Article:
Timberwolves 92, Spurs 121: Memories Can't Wait

Oblivion-2013-Movies-Poster

(Once upon a time, friend of the program Matt Moore wrote a wonderful post about why the Oklahoma City Thunder fell short against the San Antonio Spurs in the playoffs last year. He looked at everything: the departure of James Harden; the perpetually woebegone Scott Brooks; the injury to Serge Ibaka. All of it. And what he found is that none of that was really to blame, although each thing certainly plays its part in ways. At the bottom of all of it, the Spurs were just better. So just take that article and in place of the Thunder — a team with one of the two best players in the league, two of the top 15 or 20 and probably three of the top 40, plus many years and many playoff runs together — and substitute a Wolves team whose ten available players together have played 297 minutes (or roughly six games) more than Tim Duncan alone. They played the Spurs tonight and lost, badly. To quote Gregg Popovich from after the game, “It wasn’t a fair fight.” Wiggins got aggressive and good in the third quarter, Bennett had a career high with 20 and several strong dunks. That’s my recap.)

Earlier today I needed a break from basketball-related activities. This is maybe something that sets me apart from your real “hoops junkies,” which I am definitely not. I am not a “cannot get enough of basketball” person. I can get enough. So I just wanted to dial up a movie on HBO GO and watch it, maybe take a little nap along the way.

I didn’t want something heavy, but I also didn’t want something completely brainless, so I settled on the Tom Cruise sci-fi movie “Oblivion.” It seemed vaguely familiar, although as it turned out, I watched it for half an hour before realizing that it wasn’t “Edge of Tomorrow,” which came out more recently.

I’m not going to be able to entirely avoid spoilers here, but this is what I found most interesting about the film, and also a lot of sci-fi films: the way it deals with memory. For comparison, let’s talk for a minute about “Inception.”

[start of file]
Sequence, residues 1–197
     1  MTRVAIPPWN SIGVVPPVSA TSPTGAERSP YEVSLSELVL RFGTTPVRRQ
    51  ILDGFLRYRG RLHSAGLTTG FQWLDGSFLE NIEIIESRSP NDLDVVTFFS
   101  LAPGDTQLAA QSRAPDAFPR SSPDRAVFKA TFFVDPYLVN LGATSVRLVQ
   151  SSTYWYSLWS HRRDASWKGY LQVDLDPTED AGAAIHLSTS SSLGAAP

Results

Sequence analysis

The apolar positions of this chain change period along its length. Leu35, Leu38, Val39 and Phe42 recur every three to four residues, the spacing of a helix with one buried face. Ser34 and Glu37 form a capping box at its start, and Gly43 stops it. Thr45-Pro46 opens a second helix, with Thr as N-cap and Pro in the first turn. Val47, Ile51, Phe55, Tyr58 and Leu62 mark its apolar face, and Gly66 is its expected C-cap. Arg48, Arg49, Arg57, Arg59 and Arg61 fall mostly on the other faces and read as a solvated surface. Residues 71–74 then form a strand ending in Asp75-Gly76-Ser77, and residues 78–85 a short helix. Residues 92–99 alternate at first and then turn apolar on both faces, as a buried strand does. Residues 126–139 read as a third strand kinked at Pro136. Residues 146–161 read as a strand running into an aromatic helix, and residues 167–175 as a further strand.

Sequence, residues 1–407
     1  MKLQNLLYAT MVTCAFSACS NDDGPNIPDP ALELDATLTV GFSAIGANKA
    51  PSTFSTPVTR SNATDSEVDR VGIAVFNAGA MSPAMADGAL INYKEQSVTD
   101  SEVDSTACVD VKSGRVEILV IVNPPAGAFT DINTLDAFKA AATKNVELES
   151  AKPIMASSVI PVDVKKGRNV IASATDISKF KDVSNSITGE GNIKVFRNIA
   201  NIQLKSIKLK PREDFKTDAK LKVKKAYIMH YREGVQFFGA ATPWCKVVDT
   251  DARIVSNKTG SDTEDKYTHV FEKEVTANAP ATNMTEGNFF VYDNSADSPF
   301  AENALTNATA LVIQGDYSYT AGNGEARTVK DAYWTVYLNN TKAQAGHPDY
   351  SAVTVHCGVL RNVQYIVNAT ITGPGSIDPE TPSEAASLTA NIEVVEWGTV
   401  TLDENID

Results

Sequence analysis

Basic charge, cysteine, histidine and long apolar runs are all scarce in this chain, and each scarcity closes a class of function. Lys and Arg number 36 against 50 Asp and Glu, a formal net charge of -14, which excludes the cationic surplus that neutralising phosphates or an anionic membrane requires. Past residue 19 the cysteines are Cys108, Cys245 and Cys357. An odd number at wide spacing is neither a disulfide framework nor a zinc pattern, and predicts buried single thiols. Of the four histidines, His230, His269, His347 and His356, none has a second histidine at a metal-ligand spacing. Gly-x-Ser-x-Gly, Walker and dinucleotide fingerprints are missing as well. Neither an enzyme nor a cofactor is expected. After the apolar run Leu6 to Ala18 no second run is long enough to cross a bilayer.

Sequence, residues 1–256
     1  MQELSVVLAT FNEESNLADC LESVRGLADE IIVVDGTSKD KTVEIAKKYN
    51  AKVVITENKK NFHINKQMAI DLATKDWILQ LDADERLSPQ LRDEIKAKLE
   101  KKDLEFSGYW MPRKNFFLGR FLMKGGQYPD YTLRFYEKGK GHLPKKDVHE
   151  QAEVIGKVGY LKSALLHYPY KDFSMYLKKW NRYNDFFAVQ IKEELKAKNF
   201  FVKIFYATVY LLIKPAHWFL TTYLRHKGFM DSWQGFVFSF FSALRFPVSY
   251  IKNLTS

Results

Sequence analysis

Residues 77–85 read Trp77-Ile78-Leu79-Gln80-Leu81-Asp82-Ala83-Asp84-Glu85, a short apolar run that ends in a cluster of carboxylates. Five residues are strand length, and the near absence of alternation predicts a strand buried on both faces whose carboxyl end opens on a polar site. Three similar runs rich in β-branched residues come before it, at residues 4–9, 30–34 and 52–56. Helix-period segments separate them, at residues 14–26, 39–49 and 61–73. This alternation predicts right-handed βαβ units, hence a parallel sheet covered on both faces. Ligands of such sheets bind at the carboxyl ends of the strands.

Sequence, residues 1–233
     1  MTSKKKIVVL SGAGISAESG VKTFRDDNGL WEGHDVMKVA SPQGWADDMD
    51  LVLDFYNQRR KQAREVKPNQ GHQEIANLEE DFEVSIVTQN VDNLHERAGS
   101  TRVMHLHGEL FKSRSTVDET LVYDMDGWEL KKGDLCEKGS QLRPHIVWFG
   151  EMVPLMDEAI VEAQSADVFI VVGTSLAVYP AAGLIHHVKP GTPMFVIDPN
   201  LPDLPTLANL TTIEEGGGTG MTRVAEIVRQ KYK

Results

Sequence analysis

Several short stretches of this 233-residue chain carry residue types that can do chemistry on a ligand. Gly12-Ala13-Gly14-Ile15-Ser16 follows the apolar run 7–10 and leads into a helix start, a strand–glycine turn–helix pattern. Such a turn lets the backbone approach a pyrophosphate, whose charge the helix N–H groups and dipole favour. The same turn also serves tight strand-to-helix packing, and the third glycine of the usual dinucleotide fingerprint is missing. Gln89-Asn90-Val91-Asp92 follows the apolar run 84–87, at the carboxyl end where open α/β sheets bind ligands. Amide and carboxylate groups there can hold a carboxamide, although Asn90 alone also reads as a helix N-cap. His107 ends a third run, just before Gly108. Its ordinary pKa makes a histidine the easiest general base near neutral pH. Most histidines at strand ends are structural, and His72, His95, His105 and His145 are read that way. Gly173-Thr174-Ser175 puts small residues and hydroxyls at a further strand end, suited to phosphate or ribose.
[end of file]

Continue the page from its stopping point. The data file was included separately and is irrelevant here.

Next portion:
In “Inception,” Dominick Cobb (Leonardo DiCaprio) has a wife, Mal (Marion Cotillard), except the Mal we get to know in the movie is not his actual wife, but rather his mental projection of her. (This all makes total sense if you’ve seen the movie and if you haven’t, what are you doing? Go see it. It’s flawed but very watchable.) At one point, Cobb talks about how she can feel so real to him, but he knows it’s not her, that some fundamental part of her is missing.

This I find interesting because of the way it plays on a particularly seductive aspect of memory and knowing: the gap between the way we think of someone and who they “really” are is constant, but almost insignificant, if you think about it. There’s a way a person you know exists to you and so long as that conforms reasonably well with the way they exist in the world, everything’s cool. When that’s upended — for example, in a breakup, where this person you thought you knew suddenly seems so different — it’s very disruptive precisely because it gets at this foundational mirage of human interaction. But once the storm has passed — the breakup or whatever — the other person’s image kind of settles back down inside you. They go on with their lives but you keep carrying this realer-than-real sense of them with you.

You see this played with in a variety of ways in science fiction, especially once you involve things like cloning or resurrection through scientific means. In most cases — in my unscientific opinion — the attempt to bring back or duplicate a person usually results in that kind of gap I talked about before. “He looks like my husband but … something’s off.” “You’re not the woman I married.” And so on. One of science fiction’s real strengths is its ability to use things like cloning to make physical and vivid some of the more internal, existential crises like that emotional disconnect that can happen in a breakup.

“Oblivion” does this, but it goes the other way, cuts against the grain. When we discover [SPOILER ALERT] that the Jack Harper (Tom Cruise) we’ve been following throughout the film is not the original Jack Harper (no relation to our own Zach Harper, by the way) but in fact one of millions of clones, the revelation is brought on by the sudden appearance of his wife, Julia Rusakova Harper (Olga Kurylenko). When the chain of events her arrival sets off culminates in two Jacks fighting each other, I expected Julia to freak out, to go down the path of saying, “You’re not my husband.”